Lucifer Season 1 - Review


Lucifer Season 1

Lucifer Season 1 - Review

Lucifer season one premiered in January of 2016 with a season finale airing in April, sporting 13 episodes in total. Directed by Len Wisemen and written by Neil Gaiman, Lucifer is a loose adaptation of a comic book released by DC around the late 80s, early 90s.

As the comic books were also written by Neil Gaiman, the series, although loosely based on the comic books, is still pretty similar to the one released in the Sandman series. The series stars Tom Ellis as Lucifer Morningstar, Laren German as Detective Chloe Decker, Kevin Alejandro as Dan Espinoza, D.B. Woodside as Amenadiel, Rachael Harris as Linda Martin, among other notable characters. 

The series revolves around the devil himself, Lucifer Morningstar, and how he has had enough of hell and decides to go to Earth and live among humans in Los Angeles.

In the first episode, an acquaintance of Lucifer’s dies and he is automatically connected to the LAPD and meets Detective Chloe Decker, and is attracted to the idea of punishing people on Earth, which makes him question whether he is now on the “good” side.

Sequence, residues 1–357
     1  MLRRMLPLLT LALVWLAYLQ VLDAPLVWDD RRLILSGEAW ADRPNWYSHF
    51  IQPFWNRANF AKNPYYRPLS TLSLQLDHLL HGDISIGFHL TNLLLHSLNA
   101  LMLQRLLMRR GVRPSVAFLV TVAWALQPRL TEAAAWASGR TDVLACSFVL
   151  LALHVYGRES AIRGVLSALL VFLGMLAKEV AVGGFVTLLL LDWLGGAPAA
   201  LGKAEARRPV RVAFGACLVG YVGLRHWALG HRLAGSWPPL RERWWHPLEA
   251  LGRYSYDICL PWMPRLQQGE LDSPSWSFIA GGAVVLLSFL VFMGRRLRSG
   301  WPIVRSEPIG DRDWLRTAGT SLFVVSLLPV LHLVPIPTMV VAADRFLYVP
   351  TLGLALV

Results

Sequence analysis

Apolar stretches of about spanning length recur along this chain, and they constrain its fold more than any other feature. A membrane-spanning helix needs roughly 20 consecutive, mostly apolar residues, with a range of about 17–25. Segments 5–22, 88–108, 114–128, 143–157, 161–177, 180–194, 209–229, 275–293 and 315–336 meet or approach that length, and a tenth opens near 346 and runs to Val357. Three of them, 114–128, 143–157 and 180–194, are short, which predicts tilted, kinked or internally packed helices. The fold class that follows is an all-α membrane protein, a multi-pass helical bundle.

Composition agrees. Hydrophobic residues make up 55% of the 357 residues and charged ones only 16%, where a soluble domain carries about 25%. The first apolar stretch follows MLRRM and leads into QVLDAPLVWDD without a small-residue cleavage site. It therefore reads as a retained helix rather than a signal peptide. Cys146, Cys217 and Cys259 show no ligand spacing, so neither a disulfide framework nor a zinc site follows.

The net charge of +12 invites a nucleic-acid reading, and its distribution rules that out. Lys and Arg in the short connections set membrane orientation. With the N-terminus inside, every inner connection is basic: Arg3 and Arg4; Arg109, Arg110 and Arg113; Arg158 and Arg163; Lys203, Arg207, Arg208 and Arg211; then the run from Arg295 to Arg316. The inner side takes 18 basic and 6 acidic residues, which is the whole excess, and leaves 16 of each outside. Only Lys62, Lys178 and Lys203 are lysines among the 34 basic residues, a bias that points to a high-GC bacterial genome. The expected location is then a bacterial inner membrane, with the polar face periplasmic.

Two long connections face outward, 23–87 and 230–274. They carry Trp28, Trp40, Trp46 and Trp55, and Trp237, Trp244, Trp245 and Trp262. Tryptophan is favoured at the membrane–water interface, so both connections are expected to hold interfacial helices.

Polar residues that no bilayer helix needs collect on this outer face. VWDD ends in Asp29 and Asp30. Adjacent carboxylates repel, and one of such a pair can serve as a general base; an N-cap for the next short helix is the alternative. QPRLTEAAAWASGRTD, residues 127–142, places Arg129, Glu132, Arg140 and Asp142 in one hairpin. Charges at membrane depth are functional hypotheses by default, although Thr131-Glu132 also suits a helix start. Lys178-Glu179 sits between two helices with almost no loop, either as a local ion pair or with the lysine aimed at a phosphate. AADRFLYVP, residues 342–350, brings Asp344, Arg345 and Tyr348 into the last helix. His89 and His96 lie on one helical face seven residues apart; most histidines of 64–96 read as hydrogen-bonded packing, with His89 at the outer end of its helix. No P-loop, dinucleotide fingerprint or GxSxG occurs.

The pilot is pretty intriguing, and Tom Ellis plays a very convincing devil as he tricks people into telling them their deepest darkest desires. Dan Espinoza, or as Lucifer calls him “Detective Douche” is not a fan favorite as his acting, either intentionally or unintentionally, makes him seem like quite the douchebag, especially with the way he treats Chloe.


Although Chloe is not in need of Lucifer, he still sticks around until she realizes she can put him to good use. Throughout this season, we see that Lucifer has an effect on everyone, except for Chloe herself, and he becomes infatuated by her.

We also see his brother, Amenadiel trying to bring Lucifer back to hell, as per their “dad’s” request. He does, however, decides to talk to a therapist, Linda Martin after meeting her a few episodes in. She tries to help him but gets quickly seduced by his charming nature. 

The music in the series is composed by Ben Decter, although not truly remarkable, it truly serves its purpose and makes the show more intriguing than it already is. The cinematography as well is truly mesmerizing.

There are scenes shown from afar with beautiful views, and scenes with closeups when Lucifer turns into the devil. Although completely opposite of each other, they make the show both friendly and a little frightening in just the right way.

The season naturally has ups and downs with some episodes being more captivating than others but overall, with the storyline, the script, and the cinematography, it is a series that is definitely worth continuing. This season gets a rating of 8/10.


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